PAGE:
Libraries should engage readers and provide high-quality, high-interest, fascinating materials. A good library could be organized like a good bookstore—trying to sell books to readers. And the librarian is such a key person in the school in guiding students according to their interests, not their levels. The librarian may recommend books that are especially good for a particular age group or even for individual children that the literacy team is working with based on what they know about the books and the readers. We believe that choice is a really important part of going to the library and using the library. It’s at the heart of what it means to become a confident reader. If you have an opportunity to choose what you read, and then to talk about it with others, maybe to draw and write about it, it builds your sense of yourself as a reader and your self-efficacy as a reader. That’s where confidence really begins.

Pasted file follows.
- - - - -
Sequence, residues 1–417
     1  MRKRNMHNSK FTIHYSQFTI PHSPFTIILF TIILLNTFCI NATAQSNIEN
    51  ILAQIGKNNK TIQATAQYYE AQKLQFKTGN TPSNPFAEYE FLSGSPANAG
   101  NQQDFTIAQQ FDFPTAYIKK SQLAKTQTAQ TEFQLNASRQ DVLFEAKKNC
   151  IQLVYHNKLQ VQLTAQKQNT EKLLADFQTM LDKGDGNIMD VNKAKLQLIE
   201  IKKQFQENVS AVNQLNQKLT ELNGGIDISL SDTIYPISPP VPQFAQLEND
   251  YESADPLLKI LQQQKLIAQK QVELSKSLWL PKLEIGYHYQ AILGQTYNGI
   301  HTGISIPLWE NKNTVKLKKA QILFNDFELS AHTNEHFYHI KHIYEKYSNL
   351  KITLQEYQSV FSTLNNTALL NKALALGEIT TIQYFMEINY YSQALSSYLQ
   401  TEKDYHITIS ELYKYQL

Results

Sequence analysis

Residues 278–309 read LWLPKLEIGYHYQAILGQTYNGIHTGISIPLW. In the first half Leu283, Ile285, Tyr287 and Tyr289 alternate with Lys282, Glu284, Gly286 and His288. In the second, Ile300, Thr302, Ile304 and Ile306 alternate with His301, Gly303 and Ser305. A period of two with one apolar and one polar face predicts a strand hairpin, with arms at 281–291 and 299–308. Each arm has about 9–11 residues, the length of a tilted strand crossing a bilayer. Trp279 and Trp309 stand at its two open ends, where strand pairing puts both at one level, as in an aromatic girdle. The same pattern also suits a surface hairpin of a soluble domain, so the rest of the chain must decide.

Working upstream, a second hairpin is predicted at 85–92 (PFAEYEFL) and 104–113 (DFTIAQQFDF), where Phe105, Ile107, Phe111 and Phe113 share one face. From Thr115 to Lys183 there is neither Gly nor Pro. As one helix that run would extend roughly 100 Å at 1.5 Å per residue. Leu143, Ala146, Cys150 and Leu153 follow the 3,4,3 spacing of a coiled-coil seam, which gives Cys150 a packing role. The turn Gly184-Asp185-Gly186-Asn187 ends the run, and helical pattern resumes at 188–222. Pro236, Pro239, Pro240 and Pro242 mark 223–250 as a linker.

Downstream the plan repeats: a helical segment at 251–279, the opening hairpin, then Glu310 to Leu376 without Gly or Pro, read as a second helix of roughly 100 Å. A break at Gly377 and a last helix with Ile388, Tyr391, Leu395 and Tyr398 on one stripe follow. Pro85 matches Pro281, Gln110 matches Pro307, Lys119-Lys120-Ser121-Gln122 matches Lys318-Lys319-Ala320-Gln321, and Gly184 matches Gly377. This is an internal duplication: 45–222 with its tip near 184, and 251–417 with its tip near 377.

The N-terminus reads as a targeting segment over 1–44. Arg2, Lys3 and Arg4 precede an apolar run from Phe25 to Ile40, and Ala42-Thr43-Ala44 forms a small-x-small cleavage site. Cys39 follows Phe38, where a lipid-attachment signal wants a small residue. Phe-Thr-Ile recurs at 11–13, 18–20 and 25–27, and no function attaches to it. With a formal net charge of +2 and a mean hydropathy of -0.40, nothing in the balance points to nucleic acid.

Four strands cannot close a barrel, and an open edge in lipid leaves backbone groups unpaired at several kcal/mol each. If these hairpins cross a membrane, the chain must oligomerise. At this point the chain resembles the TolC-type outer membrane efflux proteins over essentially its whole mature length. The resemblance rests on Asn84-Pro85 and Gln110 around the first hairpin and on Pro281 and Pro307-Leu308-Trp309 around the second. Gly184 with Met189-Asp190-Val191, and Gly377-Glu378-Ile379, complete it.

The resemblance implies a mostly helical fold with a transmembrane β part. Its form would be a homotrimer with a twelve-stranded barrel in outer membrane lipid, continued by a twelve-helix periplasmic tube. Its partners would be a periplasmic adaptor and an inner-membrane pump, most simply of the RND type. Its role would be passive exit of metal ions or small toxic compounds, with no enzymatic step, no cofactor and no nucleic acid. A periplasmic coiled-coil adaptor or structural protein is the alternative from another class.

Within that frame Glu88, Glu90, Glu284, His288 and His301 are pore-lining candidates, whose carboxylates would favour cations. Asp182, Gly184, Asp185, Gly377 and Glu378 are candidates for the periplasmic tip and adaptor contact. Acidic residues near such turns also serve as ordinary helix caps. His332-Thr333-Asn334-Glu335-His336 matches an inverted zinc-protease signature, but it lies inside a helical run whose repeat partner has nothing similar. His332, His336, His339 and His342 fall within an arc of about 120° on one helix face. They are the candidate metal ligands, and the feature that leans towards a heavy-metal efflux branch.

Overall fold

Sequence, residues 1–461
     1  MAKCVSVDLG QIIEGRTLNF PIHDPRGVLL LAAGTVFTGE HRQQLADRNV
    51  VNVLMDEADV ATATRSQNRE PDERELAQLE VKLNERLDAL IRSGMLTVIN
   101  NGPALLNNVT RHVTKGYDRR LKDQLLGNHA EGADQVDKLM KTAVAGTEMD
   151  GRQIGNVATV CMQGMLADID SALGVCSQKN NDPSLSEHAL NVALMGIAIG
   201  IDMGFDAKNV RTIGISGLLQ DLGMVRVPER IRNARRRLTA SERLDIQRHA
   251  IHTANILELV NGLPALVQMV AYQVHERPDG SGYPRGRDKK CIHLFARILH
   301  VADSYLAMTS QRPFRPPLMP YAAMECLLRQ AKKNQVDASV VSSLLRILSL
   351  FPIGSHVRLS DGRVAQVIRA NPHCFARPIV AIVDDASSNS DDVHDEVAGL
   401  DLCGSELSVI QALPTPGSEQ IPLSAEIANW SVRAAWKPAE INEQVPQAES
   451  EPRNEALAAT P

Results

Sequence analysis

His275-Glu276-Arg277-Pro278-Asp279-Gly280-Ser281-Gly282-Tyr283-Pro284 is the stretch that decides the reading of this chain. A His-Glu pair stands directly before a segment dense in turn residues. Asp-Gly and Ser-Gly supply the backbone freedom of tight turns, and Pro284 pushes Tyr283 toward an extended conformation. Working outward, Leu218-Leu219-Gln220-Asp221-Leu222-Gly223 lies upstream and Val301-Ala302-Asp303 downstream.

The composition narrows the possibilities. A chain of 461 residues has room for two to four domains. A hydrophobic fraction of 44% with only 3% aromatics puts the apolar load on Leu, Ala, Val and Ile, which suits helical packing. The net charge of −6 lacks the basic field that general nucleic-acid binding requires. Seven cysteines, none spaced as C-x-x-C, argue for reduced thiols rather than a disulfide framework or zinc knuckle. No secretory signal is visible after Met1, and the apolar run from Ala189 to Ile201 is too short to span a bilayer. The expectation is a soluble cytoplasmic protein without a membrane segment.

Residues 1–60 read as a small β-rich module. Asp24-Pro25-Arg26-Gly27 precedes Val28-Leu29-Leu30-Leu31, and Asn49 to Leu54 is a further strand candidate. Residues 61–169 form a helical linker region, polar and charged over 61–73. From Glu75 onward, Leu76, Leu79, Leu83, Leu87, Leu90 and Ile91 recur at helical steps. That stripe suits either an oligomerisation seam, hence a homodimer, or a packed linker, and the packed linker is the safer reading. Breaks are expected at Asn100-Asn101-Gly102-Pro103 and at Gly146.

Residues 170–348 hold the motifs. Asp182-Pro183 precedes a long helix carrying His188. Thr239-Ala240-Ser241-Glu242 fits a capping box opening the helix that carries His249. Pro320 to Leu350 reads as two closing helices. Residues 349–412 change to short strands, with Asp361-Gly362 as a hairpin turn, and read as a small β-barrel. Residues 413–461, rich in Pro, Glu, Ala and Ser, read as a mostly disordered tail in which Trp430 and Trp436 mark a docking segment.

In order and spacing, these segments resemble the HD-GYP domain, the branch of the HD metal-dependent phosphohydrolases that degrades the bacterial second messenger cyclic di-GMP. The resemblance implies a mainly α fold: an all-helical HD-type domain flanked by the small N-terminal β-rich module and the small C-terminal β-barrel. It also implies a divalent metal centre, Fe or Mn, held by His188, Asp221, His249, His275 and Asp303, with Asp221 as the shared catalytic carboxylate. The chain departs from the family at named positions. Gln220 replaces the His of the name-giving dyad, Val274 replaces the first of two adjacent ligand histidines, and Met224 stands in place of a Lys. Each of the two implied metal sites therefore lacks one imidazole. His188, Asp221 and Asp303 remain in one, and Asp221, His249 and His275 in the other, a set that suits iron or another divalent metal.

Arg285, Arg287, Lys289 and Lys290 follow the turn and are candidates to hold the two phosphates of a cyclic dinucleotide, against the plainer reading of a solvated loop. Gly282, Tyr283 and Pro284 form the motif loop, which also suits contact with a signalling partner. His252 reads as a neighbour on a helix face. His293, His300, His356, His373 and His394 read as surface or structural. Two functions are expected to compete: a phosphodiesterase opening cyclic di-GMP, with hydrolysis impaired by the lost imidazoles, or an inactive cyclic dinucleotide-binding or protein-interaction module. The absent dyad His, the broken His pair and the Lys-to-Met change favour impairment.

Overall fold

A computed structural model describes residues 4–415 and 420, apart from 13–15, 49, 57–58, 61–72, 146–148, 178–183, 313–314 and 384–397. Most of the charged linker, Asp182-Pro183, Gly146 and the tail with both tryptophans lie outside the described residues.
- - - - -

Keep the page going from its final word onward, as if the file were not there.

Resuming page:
How do educators create a society of readers? It’s not by restricting reading to an accepted range of Lexile levels or only books that have a quiz attached to them. Reading levels can be a useful tool to assist in guiding a child to the right book for them, but when those numbers become the only determining factor of what is acceptable to read, we have a problem. School librarians, especially those in the elementary and middle school level, are often pushed either by administrators or classroom teachers to label all of their books with Accelerated Reader (AR) levels. Then students are told to pick books that have AR quizzes so that they receive credit for reading and are eligible for prizes or rewards. A friend recently told me that students in her elementary school would come to their check-out time, go quickly to their AR leveled section of the collection, grab a book off the shelf without looking at it or reading the blurb, and check it out. The goal wasn’t to find a book they might enjoy reading, it was to find a book they could take a quiz on so they could meet a reading goal.